A complainant may ask the Title IX Coordinator not to conduct an investigation. The University respects the autonomy of complainants and will provide complainants with the information and support they need to make a determination about whether they would prefer that an investigation be conducted. If a complainant requests that no investigation be conducted, the Title IX Coordinator will independently determine whether to investigate the allegations, weighing the complainant’s interest in confidentiality against any risk that not investigating the incident may contribute to a hostile environment or pose a threat to the safety and security of the University community.

 

Anonymous reporters are encouraged to speak with the Title IX Coordinator or an investigator so as to understand the potential limitations of an investigation being conducted based on an anonymous report. JHU will review anonymous reports to determine whether preventive or remedial action should be taken, such as prevention or educational programs, or increased safety patrols or monitoring.

 

Because sexual misconduct often involves behaviors or interactions that are not witnessed by third parties, reports cannot always be corroborated by additional evidence. The lack of such evidence should not dissuade someone from reporting sexual misconduct.

 

If a complainant is under the age of 18 (i.e., a minor), the complainant’s parent or legal guardian may be informed of any report of sexual misconduct made by or on behalf of the complainant. Parental or guardian requests on behalf of a minor that a complaint be kept confidential or that an investigation not proceed will be handled in the same manner as such requests by a complainant over the age of 18. As appropriate, the parent or legal guardian may also be informed of the status of any investigation or resolution of the matter. Matters involving minors will also be addressed pursuant to the University’s Policy on the Safety of Children in University Programs, as well as applicable law.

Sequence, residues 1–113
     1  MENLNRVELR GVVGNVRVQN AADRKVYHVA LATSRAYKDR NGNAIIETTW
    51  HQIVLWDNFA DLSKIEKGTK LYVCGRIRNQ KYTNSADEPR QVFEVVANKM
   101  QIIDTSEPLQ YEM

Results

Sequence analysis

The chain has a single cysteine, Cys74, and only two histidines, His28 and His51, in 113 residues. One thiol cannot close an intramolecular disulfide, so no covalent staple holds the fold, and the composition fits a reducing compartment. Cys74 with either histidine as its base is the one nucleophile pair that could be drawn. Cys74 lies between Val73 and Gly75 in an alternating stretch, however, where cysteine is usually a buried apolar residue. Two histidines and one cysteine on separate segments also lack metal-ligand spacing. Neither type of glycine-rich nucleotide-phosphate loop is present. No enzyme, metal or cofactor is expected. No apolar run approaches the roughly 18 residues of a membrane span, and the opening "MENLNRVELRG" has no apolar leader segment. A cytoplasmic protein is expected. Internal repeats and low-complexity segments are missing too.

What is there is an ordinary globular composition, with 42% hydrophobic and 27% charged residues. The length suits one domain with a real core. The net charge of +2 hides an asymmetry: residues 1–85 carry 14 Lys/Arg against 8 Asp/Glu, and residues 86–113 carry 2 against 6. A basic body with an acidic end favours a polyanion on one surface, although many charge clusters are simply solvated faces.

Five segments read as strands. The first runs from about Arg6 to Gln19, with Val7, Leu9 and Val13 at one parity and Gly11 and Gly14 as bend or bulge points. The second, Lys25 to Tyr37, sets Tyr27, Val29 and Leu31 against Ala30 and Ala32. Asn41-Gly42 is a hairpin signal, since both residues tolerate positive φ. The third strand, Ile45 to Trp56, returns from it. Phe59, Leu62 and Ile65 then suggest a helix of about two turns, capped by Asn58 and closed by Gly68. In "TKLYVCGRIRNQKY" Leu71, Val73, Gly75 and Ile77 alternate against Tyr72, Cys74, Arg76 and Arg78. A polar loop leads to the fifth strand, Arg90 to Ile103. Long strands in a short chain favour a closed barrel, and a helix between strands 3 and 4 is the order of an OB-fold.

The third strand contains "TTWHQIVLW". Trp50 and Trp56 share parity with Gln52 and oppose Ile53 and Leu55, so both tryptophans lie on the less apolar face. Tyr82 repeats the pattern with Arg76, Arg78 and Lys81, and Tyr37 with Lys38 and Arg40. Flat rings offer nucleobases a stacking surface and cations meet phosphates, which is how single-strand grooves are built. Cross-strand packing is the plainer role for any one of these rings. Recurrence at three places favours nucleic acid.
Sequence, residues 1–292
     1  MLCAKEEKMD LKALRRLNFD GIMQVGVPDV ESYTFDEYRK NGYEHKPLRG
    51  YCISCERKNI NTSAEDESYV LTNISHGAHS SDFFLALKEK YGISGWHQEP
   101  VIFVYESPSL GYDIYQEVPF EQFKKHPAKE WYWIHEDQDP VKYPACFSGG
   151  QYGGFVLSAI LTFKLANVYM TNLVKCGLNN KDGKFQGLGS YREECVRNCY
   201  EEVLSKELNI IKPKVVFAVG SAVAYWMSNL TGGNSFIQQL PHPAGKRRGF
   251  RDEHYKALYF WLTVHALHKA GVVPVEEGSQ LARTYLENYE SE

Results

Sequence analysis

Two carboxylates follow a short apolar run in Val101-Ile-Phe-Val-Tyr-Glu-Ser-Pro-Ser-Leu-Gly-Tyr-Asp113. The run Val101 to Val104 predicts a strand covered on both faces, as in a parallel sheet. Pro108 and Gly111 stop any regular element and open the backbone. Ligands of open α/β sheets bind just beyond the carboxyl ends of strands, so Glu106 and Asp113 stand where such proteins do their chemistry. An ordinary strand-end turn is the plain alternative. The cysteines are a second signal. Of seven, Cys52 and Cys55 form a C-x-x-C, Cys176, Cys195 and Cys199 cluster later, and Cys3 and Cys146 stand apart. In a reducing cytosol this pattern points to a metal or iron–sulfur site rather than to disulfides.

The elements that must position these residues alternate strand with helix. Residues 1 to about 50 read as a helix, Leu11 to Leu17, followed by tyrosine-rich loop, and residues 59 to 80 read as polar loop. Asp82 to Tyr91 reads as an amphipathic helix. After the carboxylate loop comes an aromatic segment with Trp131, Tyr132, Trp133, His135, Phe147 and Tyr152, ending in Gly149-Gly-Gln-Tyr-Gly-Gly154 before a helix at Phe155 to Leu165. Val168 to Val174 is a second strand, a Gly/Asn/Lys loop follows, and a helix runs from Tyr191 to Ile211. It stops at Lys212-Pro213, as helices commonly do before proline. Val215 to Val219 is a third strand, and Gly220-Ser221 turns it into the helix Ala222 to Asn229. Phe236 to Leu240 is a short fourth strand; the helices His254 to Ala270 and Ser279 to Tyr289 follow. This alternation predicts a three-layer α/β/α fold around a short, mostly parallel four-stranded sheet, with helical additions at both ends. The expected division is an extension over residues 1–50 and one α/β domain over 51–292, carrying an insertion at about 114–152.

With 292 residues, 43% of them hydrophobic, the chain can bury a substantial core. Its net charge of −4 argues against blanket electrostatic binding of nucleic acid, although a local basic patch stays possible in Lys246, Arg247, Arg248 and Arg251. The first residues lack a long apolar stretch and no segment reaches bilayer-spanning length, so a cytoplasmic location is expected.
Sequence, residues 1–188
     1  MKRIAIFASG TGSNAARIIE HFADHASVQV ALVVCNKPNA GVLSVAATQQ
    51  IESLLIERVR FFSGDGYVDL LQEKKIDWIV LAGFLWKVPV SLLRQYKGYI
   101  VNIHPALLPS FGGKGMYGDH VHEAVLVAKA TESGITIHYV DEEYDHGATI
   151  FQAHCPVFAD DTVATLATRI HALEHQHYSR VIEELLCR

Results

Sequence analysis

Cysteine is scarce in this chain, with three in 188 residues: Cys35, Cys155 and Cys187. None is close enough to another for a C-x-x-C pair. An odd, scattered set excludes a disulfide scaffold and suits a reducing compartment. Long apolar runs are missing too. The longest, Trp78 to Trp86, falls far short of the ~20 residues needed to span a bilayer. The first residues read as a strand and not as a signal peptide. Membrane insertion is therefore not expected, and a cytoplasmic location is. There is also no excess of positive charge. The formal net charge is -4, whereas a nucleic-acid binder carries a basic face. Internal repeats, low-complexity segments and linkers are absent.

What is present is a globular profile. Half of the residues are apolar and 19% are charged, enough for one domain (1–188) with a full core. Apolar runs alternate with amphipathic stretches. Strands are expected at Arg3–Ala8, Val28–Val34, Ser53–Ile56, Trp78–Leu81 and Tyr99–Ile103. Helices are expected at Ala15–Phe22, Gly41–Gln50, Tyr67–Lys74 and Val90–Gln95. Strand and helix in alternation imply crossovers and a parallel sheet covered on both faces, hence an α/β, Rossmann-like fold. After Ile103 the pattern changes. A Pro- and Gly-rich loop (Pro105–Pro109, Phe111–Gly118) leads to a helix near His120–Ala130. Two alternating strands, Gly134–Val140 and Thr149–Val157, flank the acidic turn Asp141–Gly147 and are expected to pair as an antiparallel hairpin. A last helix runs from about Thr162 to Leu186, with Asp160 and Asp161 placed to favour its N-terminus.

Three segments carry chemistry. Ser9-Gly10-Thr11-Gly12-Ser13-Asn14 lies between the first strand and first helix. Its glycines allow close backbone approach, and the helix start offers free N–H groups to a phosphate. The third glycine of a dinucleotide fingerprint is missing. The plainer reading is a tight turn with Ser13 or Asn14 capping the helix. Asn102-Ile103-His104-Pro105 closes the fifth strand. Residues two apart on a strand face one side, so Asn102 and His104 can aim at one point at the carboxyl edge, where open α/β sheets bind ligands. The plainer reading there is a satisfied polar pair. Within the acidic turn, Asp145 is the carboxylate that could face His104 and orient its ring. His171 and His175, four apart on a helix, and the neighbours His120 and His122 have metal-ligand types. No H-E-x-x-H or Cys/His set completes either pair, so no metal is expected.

When a third party (e.g., a faculty member, resident advisor, friend, or roommate) reports a sexual misconduct incident, the Title IX Coordinator or a designee will promptly notify the complainant that a report has been received, and these Procedures will apply in the same manner as if the complainant had made the initial report.

 

Upon receiving a report of sexual misconduct, whether from a third party or directly from the complainant, the Title IX Coordinator or a designee will discuss available options, interim supportive measures, and on- and off-campus resources with the complainant. If we receive an anonymous report, the Title IX Coordinator or designee will provide the above information if the anonymous reporter has provided a way for us to send the same.

 

If a respondent is not a member of the University community or the respondent’s identity is not known, the University will still make efforts to assess the alleged misconduct, prevent its recurrence, and address its effects. The Title IX Coordinator or designee will also assist complainants in identifying appropriate campus and external resources.

 

The University does not limit the time for submitting a report of sexual misconduct and encourages all reports irrespective of when the underlying incident occurred. The University’s ability to investigate and respond effectively may be reduced with the passage of time.

 

3.                   Notice of Rights & Interim Supportive Measures